Control. Life. Death.

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A recent study found out that older adults feel younger when they feel that they have more control over their daily lives, regardless of stress or health concerns. However, stress and health – not a sense of control – play a significant role in how old younger adults feel. (1)

Old people try to control life.

Because they feel it will end.

Young people not caring about controlling anything.

Because they believe they will live forever.

Funny.

For both they had what they seek.

But they lost it the moment they started seeking it.

Old people had control when they were still healthy and thought of everything except having control. Young men had health when they had still control and thought of everything except being healthy.

Think again for what you search for.

You will never find it ahead.

For it is already behind you.

Stop walking.

And think for a moment.

Why did you even start?

Self-navigation…

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Human eyes are insensitive to polarized light and ultraviolet radiation, but that is not the case for ants, who use it to locate themselves in space. Cataglyphis desert ants in particular can cover several hundreds of meters in direct sunlight in the desert to find food, then return in a straight line to the nest, without getting lost. They cannot use pheromones: they come out when the temperature would burn the slightest drop. Their navigation talent relies on two pieces of information: the heading measured using a sort of “celestial compass” to orient themselves using the sky’s polarized light, and the distance covered, measured by simply counting steps and incorporating the rate of movement relative to the sun measured optically by their eyes. Distance and heading are the two fundamental pieces of information that, once combined, allow them to return smoothly to the nest.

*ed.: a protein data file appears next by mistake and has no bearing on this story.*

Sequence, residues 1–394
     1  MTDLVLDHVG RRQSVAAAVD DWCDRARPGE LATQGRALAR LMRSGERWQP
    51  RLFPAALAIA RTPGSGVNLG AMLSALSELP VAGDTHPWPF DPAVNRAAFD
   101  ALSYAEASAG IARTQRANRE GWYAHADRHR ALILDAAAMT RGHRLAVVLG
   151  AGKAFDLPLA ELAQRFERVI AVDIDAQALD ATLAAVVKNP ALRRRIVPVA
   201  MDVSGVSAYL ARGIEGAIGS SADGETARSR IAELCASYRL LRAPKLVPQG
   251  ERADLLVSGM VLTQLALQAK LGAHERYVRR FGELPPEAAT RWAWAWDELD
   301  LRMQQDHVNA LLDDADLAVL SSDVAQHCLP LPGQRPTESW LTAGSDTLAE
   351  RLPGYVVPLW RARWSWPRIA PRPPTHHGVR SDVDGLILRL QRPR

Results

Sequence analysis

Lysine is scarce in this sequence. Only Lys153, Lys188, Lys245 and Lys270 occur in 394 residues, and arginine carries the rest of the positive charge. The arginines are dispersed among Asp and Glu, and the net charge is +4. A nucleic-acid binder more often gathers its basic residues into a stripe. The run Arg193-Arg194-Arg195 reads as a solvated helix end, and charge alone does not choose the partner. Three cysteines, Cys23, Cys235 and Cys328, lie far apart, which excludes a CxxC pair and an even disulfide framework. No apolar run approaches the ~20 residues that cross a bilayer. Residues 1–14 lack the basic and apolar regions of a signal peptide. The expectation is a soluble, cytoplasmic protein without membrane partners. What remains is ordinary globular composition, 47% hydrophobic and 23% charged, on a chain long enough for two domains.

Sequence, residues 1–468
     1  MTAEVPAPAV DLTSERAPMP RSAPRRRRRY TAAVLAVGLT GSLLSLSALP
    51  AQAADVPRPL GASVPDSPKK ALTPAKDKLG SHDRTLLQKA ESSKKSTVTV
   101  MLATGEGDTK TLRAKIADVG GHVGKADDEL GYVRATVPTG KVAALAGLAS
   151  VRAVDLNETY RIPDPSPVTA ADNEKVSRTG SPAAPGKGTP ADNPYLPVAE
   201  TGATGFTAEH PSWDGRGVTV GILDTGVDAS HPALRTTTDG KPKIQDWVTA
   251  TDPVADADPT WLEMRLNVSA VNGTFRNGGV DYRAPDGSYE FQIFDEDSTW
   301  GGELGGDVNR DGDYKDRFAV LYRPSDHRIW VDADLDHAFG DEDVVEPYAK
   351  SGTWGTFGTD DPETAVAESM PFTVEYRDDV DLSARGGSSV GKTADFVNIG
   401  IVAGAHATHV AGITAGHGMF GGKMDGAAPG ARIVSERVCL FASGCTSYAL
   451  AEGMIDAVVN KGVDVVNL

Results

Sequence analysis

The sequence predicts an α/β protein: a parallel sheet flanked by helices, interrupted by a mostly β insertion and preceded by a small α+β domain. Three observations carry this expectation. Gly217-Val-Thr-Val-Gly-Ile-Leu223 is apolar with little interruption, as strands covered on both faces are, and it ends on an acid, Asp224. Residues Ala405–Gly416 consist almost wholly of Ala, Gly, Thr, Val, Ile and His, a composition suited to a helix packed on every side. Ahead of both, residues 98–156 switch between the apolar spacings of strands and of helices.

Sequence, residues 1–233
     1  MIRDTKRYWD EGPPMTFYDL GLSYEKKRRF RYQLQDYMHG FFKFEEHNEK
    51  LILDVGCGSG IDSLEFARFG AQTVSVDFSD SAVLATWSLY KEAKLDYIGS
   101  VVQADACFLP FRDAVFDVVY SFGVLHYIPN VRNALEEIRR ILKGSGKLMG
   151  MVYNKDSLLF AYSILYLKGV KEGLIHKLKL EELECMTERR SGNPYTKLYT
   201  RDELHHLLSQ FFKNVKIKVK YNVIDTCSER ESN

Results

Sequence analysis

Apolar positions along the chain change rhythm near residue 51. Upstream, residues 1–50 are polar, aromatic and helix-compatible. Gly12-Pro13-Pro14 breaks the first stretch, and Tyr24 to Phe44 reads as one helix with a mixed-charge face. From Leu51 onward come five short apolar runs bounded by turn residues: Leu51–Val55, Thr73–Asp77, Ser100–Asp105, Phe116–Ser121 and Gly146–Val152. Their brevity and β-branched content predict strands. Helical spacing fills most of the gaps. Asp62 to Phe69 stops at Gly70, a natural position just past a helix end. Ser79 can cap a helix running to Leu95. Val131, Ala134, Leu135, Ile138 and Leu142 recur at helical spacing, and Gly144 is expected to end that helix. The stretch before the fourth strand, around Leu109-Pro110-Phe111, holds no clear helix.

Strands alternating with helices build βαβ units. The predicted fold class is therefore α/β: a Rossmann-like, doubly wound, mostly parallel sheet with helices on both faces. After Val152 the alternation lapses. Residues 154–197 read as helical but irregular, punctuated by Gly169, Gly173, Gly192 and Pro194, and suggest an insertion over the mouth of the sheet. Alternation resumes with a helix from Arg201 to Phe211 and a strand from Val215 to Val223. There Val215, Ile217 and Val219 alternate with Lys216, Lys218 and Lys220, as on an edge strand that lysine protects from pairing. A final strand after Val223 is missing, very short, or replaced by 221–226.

AntBot, a robot designed by CNRS and Aix-Marseille University (AMU) researchers at ISM, copies the desert ants’ exceptional navigation capacities to navigate without the use of GPS. It is equipped with an optical compass used to determine its heading by means of polarized light, and by an optical movement sensor directed to the sun to measure the distance covered. Armed with this information, AntBot has been shown to be able, like the desert ants, to explore its environment and to return on its own to its base, with precision of up to 1 cm after having covered a total distance of 14 meters. (1)

Navigating without GPS. Walking on your own.

This is the way it was supposed to be.

Relying not on things outside.

But on yourself inside.

Finding not your way with the light of the Sun.

But sensing your path through darkness with the Moon.